November 27, 2017; Stat
An opinion piece in Stat by Haider Warraich, a cardiologist at Duke University Center, suggests that if nonprofit hospitals knew what was good for them, they would begin to live up to the spirit of their tax status far more substantively and assertively. As Warraich explains:
My own fear is that if academic medical centers and other nonprofit hospitals don’t reform themselves, their nonprofit status might become threatened. There have certainly been rumblings in that direction. In 2013, Pittsburgh’s mayor, Luke Ravenstahl, sued the University of Pittsburgh Medical Center, challenging its nonprofit status. The IRS revoked the tax-exempt status of a hospital early this year because it failed to conduct a community needs assessment. The tax-exempt status of hospitals has also been challenged in courts with mixed results.
Despite decades of efforts by for-profit entities to take over the hospital sector, it is noteworthy that nonprofit hospitals retain a dominant market position. And this difference does matter. A year ago, the Pittsburgh Gazette’s Sean Hamill, who has certainly been critical of nonprofit hospital practices, nonetheless noted that nationally nonprofit charity care (2.2 percent of revenues) was double that of for-profits (1.07 percent of revenues). But this doesn’t mean that the concerns that Warraich raises lack merit.
The debate over nonprofit hospitals has been covered in NPQ for years. Indeed, NPQ covered the IRS case that Warraich mentions, as well as a case in New Jersey last year where local governments joined forces to sue 35 hospitals in an attempt to collect payments through property taxes for city services.” Some hospitals settled on making payments in lieu of taxes. As NPQ noted at the time, “Trinitas Regional Medical Center in Elizabeth, N.J., [agreed to] pay $250,000 per year from 2016 to 2019, an amount that will be revisited in subsequent years. And the JFK Medical Center in Edison, New Jersey [agreed to] pay $500,000 a year in community fees while keeping the whole of its property tax exempt.”
Charity care gets the most attention, but this is probably a mistaken emphasis. After all, even for-profit hospitals must care for indigent patients in critical condition. Moreover, hospitals might generate far more beneficial community outcomes and proverbial “bang for the buck” by investing in addressing social determinants of health that drive overall health outcomes.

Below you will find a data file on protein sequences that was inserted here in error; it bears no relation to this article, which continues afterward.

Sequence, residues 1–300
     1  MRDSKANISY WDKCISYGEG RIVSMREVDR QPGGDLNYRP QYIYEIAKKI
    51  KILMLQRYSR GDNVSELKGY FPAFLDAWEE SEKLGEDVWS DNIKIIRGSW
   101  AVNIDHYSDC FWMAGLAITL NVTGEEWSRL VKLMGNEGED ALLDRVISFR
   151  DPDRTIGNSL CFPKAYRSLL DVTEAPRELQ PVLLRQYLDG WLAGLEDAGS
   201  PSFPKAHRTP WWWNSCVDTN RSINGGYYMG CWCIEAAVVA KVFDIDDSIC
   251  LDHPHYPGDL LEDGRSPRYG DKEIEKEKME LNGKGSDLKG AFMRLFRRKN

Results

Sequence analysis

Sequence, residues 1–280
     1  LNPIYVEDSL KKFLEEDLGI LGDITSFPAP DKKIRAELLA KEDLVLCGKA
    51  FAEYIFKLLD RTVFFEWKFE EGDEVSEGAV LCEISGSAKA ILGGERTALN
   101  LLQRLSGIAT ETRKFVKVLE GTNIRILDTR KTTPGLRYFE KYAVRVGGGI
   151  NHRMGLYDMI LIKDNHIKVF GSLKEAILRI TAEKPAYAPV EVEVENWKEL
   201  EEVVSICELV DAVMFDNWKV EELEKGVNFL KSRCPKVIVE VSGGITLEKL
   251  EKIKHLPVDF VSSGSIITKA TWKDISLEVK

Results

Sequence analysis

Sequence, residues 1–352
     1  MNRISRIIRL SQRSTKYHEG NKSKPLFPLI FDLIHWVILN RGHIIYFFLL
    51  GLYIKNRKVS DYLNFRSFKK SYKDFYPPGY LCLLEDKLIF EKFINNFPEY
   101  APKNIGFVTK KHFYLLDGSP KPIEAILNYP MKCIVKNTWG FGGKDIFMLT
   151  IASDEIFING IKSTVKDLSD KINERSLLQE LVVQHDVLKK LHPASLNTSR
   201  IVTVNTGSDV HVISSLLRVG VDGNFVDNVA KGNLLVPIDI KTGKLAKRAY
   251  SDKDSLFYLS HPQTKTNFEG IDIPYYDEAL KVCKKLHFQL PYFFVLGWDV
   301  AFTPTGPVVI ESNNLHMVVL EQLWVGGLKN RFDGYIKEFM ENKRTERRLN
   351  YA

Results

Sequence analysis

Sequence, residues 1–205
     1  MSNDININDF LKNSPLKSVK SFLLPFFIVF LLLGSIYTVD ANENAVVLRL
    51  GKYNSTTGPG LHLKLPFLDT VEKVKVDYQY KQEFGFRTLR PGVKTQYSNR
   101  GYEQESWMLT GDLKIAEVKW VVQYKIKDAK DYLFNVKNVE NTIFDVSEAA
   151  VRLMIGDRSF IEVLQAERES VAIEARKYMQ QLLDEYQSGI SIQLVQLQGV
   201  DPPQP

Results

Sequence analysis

A more fundamental question is whether nonprofit hospitals are focused on their mission of service to the community or on just making money. Warraich laments that too many nonprofit hospitals “appear to be more interested in driving up profits than improving health,” investing resources, for example, on remunerative, but not medically necessary, cosmetic procedures, when they could be leading on addressing the nation’s myriad health challenges.
The idea of “community benefit” that is embedded in federal law attempts to steer nonprofit hospitals in a positive direction, but it has a couple of key challenges:
- The 2008 IRS community benefit requirement is vague. The purpose of Schedule H was to increase accountability and transparency, but it can sometimes muddy the waters. The categories of community benefit activities are numerous and include the net, unreimbursed costs of charity care; participation in means-tested government programs like Medicaid; health professions education, health services research; subsidized health services; community health improvement activities…the list seems to go on.
- The hospital associations and lobby is heavily invested in fighting to retain the vagueness. Hospital associations, like the California Hospital Association, do not support efforts for hospitals to prove their community benefit. Somehow, the association believes it would “hamper the ability of hospitals to respond to specific needs in the communities they serve.”
With the above challenges acknowledged, there are, Warraich notes, good actors. In La Crosse, Wisconsin, Warraich highlights the efforts of a “local health system [that] teamed up with the community to talk about end-of-life issues. That effort resulted in the highest rate of completed advance directives and lowest use of acute medical services at the end of life throughout the United States. Leaders at Duke University Medical Center, where I work, are now partnering with local communities to overcome racial disparities in health care.”
More broadly, Warraich suggests four steps nonprofit hospitals could take: 1) make sure that the amount spent on community benefits is at least equal to the hospital’s marketing budget, 2) reimburse hospitals based on outcomes (value) not fee-for-system (volume), 3) require nonprofit hospitals to have community leaders on their boards, and 4) a “fixed percentage of nonprofit hospitals’ earnings should go directly back to the community, though hospitals should be given flexibility to decide how that money is used. Examples include creating interventions that use community health workers to improve the health of local communities, developing the infrastructure necessary to transition from fee-for-service to population-based payment models, and funding research in community health projects.”
The bottom line: nonprofit hospitals are not exempt from the political winds and need to be aggressive in demonstrating their community value. Hospitals should take note of the bullseye on the backs of nonprofit universities this year in Congress and remember that it is part of their job not just to argue that they address the health of whole communities and equalize health indicators, but to actually do so in ways that are substantive and meaningful.— Suja S. Amir and Steve Dubb